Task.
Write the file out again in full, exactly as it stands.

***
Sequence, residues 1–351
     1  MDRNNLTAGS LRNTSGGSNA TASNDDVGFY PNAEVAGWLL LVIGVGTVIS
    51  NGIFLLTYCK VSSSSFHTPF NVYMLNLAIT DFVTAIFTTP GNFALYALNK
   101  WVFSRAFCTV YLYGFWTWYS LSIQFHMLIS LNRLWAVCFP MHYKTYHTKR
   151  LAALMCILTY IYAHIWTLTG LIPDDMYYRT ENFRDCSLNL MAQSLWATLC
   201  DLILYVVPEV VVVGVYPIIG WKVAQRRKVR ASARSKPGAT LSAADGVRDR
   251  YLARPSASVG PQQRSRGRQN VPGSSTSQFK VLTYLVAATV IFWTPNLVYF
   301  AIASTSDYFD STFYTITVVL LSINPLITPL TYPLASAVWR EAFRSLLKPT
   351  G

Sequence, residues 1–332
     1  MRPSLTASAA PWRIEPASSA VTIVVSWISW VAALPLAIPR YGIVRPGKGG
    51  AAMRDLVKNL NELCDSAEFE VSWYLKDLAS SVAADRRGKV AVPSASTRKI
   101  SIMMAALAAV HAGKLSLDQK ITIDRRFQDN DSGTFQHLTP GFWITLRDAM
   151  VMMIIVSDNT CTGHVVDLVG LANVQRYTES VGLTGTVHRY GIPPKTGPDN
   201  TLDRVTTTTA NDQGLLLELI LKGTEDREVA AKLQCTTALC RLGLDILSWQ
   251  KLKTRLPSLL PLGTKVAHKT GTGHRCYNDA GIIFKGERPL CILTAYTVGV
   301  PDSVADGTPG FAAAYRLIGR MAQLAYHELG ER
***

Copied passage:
Sequence, residues 1–351
     1  MDRNNLTAGS LRNTSGGSNA TASNDDVGFY PNAEVAGWLL LVIGVGTVIS
    51  NGIFLLTYCK VSSSSFHTPF NVYMLNLAIT DFVTAIFTTP GNFALYALNK
   101  WVFSRAFCTV YLYGFWTWYS LSIQFHMLIS LNRLWAVCFP MHYKTYHTKR
   151  LAALMCILTY IYAHIWTLTG LIPDDMYYRT ENFRDCSLNL MAQSLWATLC
   201  DLILYVVPEV VVVGVYPIIG WKVAQRRKVR ASARSKPGAT LSAADGVRDR
   251  YLARPSASVG PQQRSRGRQN VPGSSTSQFK VLTYLVAATV IFWTPNLVYF
   301  AIASTSDYFD STFYTITVVL LSINPLITPL TYPLASAVWR EAFRSLLKPT
   351  G

Sequence, residues 1–332
     1  MRPSLTASAA PWRIEPASSA VTIVVSWISW VAALPLAIPR YGIVRPGKGG
    51  AAMRDLVKNL NELCDSAEFE VSWYLKDLAS SVAADRRGKV AVPSASTRKI
   101  SIMMAALAAV HAGKLSLDQK ITIDRRFQDN DSGTFQHLTP GFWITLRDAM
   151  VMMIIVSDNT CTGHVVDLVG LANVQRYTES VGLTGTVHRY GIPPKTGPDN
   201  TLDRVTTTTA NDQGLLLELI LKGTEDREVA AKLQCTTALC RLGLDILSWQ
   251  KLKTRLPSLL PLGTKVAHKT GTGHRCYNDA GIIFKGERPL CILTAYTVGV
   301  PDSVADGTPG FAAAYRLIGR MAQLAYHELG ER